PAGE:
Hope springs eternal, but Hope VI regularly has to fight for its life, not to mention its credibility.
It's a curious dilemma for a federal program that has pumped $122 million into Memphis to end the warehousing of poor families jammed into housing projects with from 442 to 800 units.
Threatened frequently with political extinction since it was created in 1992, HOPE VI has survived Congressional votes only to be accused of displacing poor families to make way for people with higher incomes. In addition, earlier this year, it was indicted by Atlantic magazine as a co-conspirator with Section 108 housing vouchers on a charge of dispersing crime throughout Memphis.
Herenton administration officials, who have navigated the federal bureaucracy to land an enviable five HOPE VI grants in the past decade, were quick to respond, suggesting that old-style housing projects were little more than government-created ghettos where poor people were marginalized. In truth, it's impossible these days to find anyone who argues that massive public housing projects were smart social policy, because in concentrating the problems of poverty into compact, overcrowded environments, the web of poverty-related problems was merely amplified and intensified.
But defense of HOPE VI projects by city officials was more than defense of its marquee program. More to the point, these projects are the physical symbols of how far Memphis Housing Authority (MHA) has come since 1992, when it was cited as one of the nation's worst-run public housing agencies.
It was the same year that Lauderdale Courts, whose Apartment 328 housed the family of aspiring singer Elvis Presley from 1949 to 1953, was added to the National Register of Historic Places, and Memphis' first African-American mayor, Willie W. Herenton, took office. The new mayor set two priorities for MHA — get off the HUD list and attract more federal money to his city.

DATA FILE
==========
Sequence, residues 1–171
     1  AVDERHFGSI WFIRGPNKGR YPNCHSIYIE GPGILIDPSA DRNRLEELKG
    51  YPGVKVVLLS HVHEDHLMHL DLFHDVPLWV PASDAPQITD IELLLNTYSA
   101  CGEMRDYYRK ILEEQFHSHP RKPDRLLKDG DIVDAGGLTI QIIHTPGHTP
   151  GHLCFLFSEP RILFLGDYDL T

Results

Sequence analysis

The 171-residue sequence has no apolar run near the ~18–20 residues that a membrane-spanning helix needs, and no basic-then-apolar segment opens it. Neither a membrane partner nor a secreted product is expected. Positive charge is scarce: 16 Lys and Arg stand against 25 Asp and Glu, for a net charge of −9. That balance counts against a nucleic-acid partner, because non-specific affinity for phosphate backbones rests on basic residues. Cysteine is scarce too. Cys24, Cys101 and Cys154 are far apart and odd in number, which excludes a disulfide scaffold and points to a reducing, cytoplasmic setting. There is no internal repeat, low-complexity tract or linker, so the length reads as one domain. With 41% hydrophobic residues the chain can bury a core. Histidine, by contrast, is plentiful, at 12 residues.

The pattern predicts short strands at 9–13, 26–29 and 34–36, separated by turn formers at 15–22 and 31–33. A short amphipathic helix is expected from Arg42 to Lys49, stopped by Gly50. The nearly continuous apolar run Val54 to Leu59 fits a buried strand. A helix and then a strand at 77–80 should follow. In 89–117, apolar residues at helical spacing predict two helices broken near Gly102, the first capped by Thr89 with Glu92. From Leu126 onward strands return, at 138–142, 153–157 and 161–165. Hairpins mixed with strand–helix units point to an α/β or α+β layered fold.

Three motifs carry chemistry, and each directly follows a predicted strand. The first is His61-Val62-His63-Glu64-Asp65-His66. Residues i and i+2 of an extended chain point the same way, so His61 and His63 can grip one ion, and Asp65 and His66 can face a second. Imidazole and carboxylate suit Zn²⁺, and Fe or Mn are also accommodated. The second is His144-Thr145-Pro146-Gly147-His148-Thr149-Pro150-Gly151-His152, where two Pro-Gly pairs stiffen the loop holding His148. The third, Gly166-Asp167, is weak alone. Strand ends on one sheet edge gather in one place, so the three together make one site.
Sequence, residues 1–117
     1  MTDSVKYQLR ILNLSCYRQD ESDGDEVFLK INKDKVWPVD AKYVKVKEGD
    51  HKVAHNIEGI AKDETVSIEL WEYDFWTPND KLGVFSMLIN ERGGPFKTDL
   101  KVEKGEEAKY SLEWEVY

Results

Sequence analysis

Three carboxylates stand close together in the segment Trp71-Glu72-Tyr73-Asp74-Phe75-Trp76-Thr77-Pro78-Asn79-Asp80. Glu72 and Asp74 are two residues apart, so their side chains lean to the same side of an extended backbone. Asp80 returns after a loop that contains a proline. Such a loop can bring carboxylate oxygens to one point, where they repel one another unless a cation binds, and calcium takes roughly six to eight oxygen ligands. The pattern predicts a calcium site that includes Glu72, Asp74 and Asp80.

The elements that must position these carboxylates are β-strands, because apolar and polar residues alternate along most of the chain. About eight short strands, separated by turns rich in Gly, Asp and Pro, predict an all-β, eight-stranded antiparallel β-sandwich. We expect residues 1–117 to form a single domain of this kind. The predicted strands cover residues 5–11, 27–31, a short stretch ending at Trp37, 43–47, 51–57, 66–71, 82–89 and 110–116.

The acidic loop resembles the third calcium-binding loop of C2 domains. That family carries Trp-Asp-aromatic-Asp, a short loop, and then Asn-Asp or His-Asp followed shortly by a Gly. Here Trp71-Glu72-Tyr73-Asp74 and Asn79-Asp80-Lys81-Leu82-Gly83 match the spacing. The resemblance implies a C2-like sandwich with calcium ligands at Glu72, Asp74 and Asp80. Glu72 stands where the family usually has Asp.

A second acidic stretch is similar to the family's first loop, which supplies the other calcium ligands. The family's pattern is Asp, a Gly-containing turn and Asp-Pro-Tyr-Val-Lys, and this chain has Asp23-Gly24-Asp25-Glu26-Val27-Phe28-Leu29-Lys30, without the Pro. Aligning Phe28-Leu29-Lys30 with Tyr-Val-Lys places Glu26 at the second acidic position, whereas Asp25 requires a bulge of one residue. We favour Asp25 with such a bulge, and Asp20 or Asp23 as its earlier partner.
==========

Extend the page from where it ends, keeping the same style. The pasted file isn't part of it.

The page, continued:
It's no coincidence that changes in MHA leadership and success with HOPE VI applications ran parallel, because the close work between MHA and HUD to turn around the Memphis public housing agency led to the improved relationship and confidence level that became the foundation for a stepped-up campaign for more funding.
It was not long after MHA got off the HUD list in 1995 that it received the first HOPE VI grant, and the attention to relationship-building paid off with more success — four more grants since 2000.
LeMoyne Gardens became College Park, Lauderdale Courts became Uptown Square, Lamar Terrace became University Place, Hurt Village became Uptown Homes, and Dixie Homes is becoming Legends Park.
In each case, a public housing project that was "no man's land" for anyone but its residents became a site for New Urbanist-influenced housing, and one in particular, Elvis' former housing project, became a national model for how public housing could be made more livable while preserving a prime example of New Deal architecture.
Instead of the wrecking ball for Lauder-dale Courts, it became a $36 million public-private redevelopment christened as Uptown Square. Unlike the other HOPE VI projects where all buildings were razed, only 95 of the original 442 Lauderdale Courts units were removed.
Overall, according to Memphis Housing Authority, 2,465 of 2,812 units in the five HOPE VI developments were demolished and 1,299 people were relocated. Of that number, 555 were relocated to other public housing, 522 used vouchers for new housing, and 222 relocated private-owned housing.
It was this diaspora that got the blame for decentralizing crime in Memphis, but more to the point, the roots of the problem run directly to the city's intractable poverty, now at crisis levels.
About 162,000 Memphis residents live in poverty (the equivalent of the entire population of Chattanooga) and the extent of the human wreckage is frequently obscured in a problem commonly defined in statistical terms. Since 2000, Memphis' poverty rate has climbed a disturbing 30 percent, and alarmingly, the statistic most pertinent to crime rates — the percentage of youths under 18 living in poverty — is at the danger point: 42 percent and continuing to rise.
Now taking form at MHA is the outline of what its director Robert Lipscomb told City Council would be a "straightforward, honest civic conversation" about poverty. It's an overdue conversation that must be candid but promises to be emotional, because of the convergence between race and poverty in Memphis.
In the end, that's why Memphis needs more than HOPE VI. It needs good old-fashioned hope itself — hope for a cathartic discussion that moves from debates about symptoms of poverty (crime, teenage pregnancy, infant mortality, and low high school graduation rates) to a plan based more on action than analysis.